Well folks, we’ve made it through another week!

The second round of PPP loans launched on Monday. On Tuesday, President Trump signed an executive order compelling meat processing plants to stay open. And, every day of the week I have been listening in on various fast-food earnings calls. 

Read on for all the retail news you might have missed this week. And, if you were forwarded this newsletter, you can subscribe here to get The Drive-Thru — written by me, Kate Taylor, and Shoshy Ciment — in your inbox every Friday. 

StockX is facing a crisis during the coronavirus pandemic

stockx corruption sneaker sales 4x3



Samantha Lee/Business Insider


Shoshy reports that StockX initially kept its authentication centers open when states ordered nonessential businesses to shut down in March. Internal sources told her that there have been seven confirmed COVID-19 cases throughout the company.

The buzzy sneaker resale platform recently laid off 12% of its workforce, as employees worry about safety issues. 

“We are currently part of the problem and not the solution,” said a message sent to the company’s Slack channel. “By having our facilities continue to stay open we are on the wrong side of history.”

Read the full scoopy story here.

Restaurants reopen, but new problems emerge

waffle house coronavirus

Corey Brooks, right, orders food at a Waffle House restaurant in Savannah, Georgia, on Monday, April 27, 2020. Restaurants statewide were allowed to resume dine-in service with restrictions after a month of being limited to takeout orders because of the coronavirus.

AP Photo/Russ Bynum


Irene and I have been trying to untangle how restaurants are dealing with the coronavirus pandemic, as states begin to allow dining rooms to reopen. Here are some of our takeaways: 

Read more about UBS’s grim outlook for 2020 here.

Shuttered TJ Maxx and Ross stores are causing huge problems in the retail industry 

TJ Maxx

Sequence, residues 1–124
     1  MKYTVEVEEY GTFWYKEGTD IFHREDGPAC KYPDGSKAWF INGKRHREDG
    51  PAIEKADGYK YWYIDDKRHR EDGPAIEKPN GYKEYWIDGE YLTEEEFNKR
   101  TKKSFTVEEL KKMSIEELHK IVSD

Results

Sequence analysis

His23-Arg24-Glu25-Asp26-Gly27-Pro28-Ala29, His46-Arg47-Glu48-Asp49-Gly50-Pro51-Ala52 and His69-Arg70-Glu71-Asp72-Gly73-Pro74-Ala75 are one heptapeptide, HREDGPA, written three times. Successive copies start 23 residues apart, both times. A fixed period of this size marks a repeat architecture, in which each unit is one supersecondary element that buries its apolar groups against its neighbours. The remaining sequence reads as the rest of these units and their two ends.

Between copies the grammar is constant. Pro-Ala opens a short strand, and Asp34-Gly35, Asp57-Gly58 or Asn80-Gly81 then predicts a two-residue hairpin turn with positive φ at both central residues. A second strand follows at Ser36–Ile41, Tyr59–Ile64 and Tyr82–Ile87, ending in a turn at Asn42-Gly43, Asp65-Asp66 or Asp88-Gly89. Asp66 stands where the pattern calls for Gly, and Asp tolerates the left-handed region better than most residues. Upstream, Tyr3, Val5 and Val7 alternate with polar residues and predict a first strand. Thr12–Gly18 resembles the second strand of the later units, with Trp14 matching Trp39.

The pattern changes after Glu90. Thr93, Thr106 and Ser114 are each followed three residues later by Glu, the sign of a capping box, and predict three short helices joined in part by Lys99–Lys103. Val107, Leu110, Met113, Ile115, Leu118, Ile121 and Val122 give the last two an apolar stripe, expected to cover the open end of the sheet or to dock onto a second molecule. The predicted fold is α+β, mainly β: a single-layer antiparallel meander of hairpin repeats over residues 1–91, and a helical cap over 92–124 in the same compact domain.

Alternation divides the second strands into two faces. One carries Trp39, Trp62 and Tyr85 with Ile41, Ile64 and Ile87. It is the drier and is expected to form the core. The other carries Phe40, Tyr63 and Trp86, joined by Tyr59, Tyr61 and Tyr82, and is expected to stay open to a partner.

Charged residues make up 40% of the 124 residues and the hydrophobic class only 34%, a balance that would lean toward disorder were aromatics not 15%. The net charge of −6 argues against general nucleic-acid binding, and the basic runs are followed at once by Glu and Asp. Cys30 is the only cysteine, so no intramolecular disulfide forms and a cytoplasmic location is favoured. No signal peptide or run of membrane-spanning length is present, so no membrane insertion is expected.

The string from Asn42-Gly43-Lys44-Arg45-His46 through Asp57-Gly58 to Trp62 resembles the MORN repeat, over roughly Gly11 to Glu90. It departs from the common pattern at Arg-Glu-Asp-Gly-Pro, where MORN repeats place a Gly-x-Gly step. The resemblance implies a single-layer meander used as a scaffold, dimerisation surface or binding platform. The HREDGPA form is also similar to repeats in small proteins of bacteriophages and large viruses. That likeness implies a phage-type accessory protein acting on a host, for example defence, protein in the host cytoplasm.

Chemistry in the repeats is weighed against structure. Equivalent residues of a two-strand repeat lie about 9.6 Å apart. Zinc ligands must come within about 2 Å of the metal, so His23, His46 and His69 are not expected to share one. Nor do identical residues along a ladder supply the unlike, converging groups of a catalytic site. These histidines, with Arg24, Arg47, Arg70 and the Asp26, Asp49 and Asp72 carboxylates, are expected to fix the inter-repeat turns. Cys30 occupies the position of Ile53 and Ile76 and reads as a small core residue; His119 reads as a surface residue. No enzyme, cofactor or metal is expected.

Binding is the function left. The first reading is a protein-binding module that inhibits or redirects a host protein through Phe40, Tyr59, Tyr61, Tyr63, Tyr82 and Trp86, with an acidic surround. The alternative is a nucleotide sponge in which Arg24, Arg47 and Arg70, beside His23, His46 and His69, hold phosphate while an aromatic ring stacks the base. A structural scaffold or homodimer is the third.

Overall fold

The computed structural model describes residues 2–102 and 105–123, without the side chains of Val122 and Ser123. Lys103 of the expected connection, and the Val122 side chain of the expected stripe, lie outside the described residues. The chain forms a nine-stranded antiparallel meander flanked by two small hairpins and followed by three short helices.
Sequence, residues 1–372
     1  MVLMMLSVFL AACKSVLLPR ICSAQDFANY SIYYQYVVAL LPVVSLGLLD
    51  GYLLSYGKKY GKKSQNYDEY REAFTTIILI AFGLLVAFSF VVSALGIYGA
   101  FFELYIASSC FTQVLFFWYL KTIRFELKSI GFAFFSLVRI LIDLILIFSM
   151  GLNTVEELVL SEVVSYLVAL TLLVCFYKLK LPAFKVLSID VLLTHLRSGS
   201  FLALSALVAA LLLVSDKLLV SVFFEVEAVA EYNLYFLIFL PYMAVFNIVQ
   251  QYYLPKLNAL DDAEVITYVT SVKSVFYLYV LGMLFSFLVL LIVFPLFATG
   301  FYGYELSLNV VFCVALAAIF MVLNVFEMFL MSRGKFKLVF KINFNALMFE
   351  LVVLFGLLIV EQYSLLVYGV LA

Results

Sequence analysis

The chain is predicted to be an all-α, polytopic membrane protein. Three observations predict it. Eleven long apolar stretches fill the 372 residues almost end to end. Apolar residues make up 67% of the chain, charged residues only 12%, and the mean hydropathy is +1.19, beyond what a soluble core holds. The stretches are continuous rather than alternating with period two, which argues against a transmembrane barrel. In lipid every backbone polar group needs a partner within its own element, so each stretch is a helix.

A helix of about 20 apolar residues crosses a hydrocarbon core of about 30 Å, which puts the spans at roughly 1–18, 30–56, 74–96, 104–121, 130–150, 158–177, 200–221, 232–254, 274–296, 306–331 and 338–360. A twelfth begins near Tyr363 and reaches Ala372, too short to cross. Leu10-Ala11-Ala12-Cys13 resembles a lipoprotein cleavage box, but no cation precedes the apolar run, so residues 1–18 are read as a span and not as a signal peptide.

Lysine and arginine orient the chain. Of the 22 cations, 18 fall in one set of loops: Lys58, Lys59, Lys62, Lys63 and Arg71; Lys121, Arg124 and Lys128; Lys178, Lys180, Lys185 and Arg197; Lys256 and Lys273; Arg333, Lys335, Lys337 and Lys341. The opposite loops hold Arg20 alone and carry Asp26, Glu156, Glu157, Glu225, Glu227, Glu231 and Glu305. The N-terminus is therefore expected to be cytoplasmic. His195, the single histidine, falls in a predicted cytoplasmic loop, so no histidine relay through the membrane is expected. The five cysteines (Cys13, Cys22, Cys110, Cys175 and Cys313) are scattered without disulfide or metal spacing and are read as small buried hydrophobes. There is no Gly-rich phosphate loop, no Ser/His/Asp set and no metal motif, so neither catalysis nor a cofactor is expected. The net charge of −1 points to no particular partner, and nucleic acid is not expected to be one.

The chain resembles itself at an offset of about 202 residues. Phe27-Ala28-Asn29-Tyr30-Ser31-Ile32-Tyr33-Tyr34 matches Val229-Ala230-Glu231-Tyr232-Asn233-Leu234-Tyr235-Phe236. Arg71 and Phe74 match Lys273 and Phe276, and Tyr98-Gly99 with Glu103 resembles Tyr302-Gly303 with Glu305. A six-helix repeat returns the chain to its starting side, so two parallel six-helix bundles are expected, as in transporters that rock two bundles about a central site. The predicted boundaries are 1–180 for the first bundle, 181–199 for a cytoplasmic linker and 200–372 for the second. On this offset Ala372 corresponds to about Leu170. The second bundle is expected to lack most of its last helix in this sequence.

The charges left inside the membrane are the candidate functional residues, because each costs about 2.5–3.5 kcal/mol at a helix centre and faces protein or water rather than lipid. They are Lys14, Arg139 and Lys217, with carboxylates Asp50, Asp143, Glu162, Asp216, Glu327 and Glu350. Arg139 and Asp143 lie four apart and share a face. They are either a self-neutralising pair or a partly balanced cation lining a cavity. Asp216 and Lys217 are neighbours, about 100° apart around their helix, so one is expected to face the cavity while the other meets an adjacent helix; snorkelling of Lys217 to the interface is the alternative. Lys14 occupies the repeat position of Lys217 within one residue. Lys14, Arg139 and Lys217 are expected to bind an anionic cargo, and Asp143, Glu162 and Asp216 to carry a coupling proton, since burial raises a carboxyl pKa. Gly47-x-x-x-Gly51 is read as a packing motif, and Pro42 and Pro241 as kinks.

Priscilla Zhu/Business Insider


Madeline reports clothing retailers are facing a massive inventory problem as stores — including off-price stores — across the country stay closed.

Typically, TJ Maxx, Marshalls, Ross, and Burlington are an avenue for full-price retailers to offload products that haven’t been selling well at their own stores. But, off-price retailers aren’t taking orders because they’re closed, so brands are left without that option. 

How are retailers responding? Well, at least some of them are reopening stores. Simon Property Group, the biggest mall operator in the US, will open 49 of its shopping centers over the next several days. And, Macy’s plans to reopen 68 stores next week.

As stores reopen, Mary reports that shoppers can expect to see some major changes, including appointment-only stores and robots stocking shelves.

Read how off-price retails staying closed is making retailers’ problems even worse here.

Feminine care startups see big opportunities in barren drugstore shelves

Thinx Maria Molland



Thinx


Bethany reports on how companies like Thinx and Top see the coronavirus pandemic as an opportunity. Sales are surging, as some traditional feminine care brands see shortages and customers shelter in place. 

In the words of Maria Molland, CEO of Thinx: “Periods don’t stop for pandemics.” 

Read the full story here. 

Inside Amazon’s coronavirus response

Hayley interviewed Amazon’s vice president of worldwide workplace health and safety, Heather MacDougall. 

“I’ve learned in my first year with Amazon that there’s speed in business, there’s Amazon speed, and now there’s pandemic speed,” she said. “We’ve had to think fast and move quicker.”

Read the full interview here.

Everything else you need to know: 

Mcdonalds breakfast



Irene Jiang / Business Insider


Plus, two history lessons:

Chuck E. Cheese



Mark Sullivan/WireImage


If this is your first time reading The Drive-Thru, subscribe here to get the newsletter in your inbox every Friday! 

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